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English News  No.10 , December 2002
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Vladimir Buldakov
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The Sino-Japanese War of 1894-1895

Sarah Paine (US Naval War College, Rhode Island,
Foreign Visiting Fellow, SRC, 2002-03)

Ostensibly the Sino-Japanese War was a conflict between Japan and China for dominance over China's tributary, Korea. In reality, it was a Japanese attempt to preempt Russian expansion down the Korean Peninsula to threaten Japan. It was also the first of a two limited wars in pursuit of an overarching policy objective: Japanese policymakers believed that dominance over the Korean Peninsula by any great power would directly threaten their national security. They sought to protect Japan first by expelling China in the Sino-Japanese War and, then a decade later, by expelling Russia from both Korea and southern Manchuria in the Russo-Japanese War (1904-1905). A quarter of a century later, continuing Russian involvement in China and Japanese perceptions of the threat that this entailed culminated in a second and much longer Sino-Japanese War (1932-45). Although the policy of Russian containment is generally associated with U.S. foreign policy during the Cold War, in reality, from the first Sino-Japanese War to the end of World War II, Japanese policymakers had consistently applied containment to Russia.

The first Sino-Japanese War had an enormous impact on foreign perceptions of Japan and China. Prior to the war, the popular 1885 British musical, The Mikado, expressed the prevailing European view of Japan. The musical begins with a chorus of samurai singing:

“If you want to know who we are, / We are gentlemen of Japan: / On many a vase and jar - / On many a screen and fan, / We figure in lively paint: / Our attitudes queer and quaint.”

The next verse proceeds,

“If you think we are worked by strings, / Like a Japanese marionette, / You don't understand these things: / It is simply Court etiquette.”

This was the European view: A quaint Japan preoccupied with stultifying rules of etiquette instead of the serious pursuits of European powers. In contrast, China, greatly popularized by such Enlightenment philosophers as Voltaire, continued to retain the respect of the West. On the eve of war, the British-owned North-China Herald described China as the “only great Asiatic State that really commands the respect of the Great Powers of the World.”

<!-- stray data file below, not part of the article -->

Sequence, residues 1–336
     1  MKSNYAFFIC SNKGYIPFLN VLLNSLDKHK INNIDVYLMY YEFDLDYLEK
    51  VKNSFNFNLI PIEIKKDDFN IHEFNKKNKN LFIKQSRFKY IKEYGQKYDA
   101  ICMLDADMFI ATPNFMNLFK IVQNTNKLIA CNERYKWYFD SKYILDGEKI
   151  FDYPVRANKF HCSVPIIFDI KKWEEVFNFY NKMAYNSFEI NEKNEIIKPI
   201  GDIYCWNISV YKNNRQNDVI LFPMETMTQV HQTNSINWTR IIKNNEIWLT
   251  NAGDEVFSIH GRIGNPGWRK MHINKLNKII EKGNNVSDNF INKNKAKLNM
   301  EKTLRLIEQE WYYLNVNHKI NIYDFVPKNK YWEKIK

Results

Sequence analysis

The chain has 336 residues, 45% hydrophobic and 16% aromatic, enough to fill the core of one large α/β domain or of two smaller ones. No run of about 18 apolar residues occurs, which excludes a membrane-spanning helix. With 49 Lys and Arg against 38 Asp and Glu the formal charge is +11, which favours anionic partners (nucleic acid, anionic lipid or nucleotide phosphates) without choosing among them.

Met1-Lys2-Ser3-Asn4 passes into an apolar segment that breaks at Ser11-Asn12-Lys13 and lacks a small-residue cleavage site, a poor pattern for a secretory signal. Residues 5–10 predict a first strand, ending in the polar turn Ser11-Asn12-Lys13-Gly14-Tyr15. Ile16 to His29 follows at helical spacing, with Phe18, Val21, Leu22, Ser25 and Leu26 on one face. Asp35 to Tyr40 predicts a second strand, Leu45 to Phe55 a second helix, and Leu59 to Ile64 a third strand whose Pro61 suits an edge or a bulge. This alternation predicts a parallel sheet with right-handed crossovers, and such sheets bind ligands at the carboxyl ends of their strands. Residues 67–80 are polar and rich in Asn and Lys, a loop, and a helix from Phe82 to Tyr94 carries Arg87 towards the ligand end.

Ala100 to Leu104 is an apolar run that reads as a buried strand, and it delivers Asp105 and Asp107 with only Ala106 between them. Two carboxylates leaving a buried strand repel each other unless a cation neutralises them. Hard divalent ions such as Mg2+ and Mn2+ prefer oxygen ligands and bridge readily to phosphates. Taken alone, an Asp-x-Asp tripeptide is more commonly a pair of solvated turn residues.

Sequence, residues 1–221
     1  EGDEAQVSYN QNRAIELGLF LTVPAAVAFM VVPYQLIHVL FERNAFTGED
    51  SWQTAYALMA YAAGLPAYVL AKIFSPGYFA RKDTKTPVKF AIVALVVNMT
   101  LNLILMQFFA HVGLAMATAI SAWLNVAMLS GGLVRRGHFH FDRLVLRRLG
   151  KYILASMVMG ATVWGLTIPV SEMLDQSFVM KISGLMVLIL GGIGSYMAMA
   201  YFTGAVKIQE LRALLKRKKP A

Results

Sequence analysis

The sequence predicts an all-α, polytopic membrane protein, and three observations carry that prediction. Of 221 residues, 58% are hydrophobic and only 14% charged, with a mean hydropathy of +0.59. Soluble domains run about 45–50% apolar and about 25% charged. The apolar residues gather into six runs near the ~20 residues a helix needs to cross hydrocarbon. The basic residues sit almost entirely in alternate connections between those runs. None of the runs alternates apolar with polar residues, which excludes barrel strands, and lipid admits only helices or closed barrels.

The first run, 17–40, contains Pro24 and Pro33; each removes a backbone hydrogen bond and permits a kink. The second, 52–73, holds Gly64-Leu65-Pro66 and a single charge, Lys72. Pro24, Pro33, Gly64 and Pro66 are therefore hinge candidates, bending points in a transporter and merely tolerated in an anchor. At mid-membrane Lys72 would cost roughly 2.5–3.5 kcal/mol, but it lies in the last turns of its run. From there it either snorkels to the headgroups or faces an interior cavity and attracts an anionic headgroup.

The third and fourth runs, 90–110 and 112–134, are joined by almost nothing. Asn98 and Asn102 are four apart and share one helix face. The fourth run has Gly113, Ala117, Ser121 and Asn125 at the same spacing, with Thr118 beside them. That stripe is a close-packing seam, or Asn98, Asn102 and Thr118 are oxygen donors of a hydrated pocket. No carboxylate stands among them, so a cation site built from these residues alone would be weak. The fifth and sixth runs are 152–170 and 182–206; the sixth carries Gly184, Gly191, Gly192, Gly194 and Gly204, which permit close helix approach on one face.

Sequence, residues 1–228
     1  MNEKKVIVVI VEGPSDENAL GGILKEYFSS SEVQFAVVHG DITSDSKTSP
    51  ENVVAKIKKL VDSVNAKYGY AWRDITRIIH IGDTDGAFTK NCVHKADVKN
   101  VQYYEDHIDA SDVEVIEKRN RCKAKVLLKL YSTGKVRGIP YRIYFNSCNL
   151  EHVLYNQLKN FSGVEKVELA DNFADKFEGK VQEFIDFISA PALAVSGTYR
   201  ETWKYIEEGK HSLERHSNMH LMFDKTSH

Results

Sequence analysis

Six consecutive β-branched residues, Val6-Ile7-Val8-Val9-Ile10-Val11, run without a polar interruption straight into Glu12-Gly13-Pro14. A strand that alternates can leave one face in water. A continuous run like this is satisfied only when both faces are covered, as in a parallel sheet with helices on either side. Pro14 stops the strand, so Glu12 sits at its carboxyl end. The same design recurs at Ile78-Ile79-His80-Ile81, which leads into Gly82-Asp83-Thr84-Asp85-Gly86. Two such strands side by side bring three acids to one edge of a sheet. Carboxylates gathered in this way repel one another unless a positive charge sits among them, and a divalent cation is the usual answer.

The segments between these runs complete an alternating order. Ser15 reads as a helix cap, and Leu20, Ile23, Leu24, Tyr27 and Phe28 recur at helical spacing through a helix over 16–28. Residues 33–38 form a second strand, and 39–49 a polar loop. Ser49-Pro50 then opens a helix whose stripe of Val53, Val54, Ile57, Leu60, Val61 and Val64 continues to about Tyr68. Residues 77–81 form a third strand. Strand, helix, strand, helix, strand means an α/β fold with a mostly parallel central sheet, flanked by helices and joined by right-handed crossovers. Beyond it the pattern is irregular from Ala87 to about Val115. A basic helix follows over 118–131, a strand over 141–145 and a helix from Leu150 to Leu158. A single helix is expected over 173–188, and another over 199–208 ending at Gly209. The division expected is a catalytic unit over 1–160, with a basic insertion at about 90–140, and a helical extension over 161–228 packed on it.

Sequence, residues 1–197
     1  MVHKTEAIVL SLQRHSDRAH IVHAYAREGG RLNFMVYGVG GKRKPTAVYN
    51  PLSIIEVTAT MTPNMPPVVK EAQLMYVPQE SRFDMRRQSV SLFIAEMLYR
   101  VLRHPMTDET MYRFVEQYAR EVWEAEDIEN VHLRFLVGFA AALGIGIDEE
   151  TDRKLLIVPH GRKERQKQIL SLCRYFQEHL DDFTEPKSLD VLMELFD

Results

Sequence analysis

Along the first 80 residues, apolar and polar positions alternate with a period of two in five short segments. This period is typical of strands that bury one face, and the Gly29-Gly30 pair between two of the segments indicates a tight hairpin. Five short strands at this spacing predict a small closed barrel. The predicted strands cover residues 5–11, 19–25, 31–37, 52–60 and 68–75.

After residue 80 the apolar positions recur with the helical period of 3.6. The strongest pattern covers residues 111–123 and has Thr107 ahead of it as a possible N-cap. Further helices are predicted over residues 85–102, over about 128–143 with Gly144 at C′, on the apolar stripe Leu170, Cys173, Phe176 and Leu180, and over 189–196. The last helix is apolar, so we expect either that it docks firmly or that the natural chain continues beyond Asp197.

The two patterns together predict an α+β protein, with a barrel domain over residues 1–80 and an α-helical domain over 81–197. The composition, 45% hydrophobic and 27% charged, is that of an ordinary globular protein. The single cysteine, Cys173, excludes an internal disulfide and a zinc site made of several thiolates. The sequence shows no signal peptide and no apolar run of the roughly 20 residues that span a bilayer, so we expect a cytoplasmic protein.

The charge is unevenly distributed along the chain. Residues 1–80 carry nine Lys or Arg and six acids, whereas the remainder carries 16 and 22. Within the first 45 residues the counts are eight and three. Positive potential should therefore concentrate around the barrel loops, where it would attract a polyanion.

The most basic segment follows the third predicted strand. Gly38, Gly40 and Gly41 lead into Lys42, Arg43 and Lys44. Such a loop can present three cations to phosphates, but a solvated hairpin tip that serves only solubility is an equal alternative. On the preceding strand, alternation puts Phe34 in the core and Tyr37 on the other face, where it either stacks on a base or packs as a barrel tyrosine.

In less than one year all this changed. Despite China's vastly larger population, army, and resource base, and despite its shorter lines of communication, superior battleships, and years of military modernization, it lost every battle and lost badly. Its troops fled the field in disarray, abandoning vital supplies, and preyed on the local population. Meanwhile its civil officials focused more on preserving their own power at the expense of their domestic rivals, than on cooperating to defeat the foreign foe. Just as Chinese corruption and incompetence disgusted, so Japanese military prowess and professionalism impressed the war's foreign spectators.

In 1895 the U.S. Secretary of the Navy, Hilary A. Herbert, wrote: “Japan has leaped, almost at one bound, to a place among the great nations of the earth. Her recent exploits in the war with China have focused all eyes upon her, and the world now comprehends the startling fact that this small island kingdom, so little taken account of heretofore in the calculations even of students and statesmen, has within a few decades stridden over ground traversed by other nations only within centuries.” The British journalist and expert on Asia, Sir Henry Norman, wrote mid-war: “The war with China and the treaty with England [of 1894 according Japan juridical equality] will at last force foreigners to see Japan as she is. The Japanese are a martial and proud race, with marvelous intelligence, and untiring energy and enthusiasm.”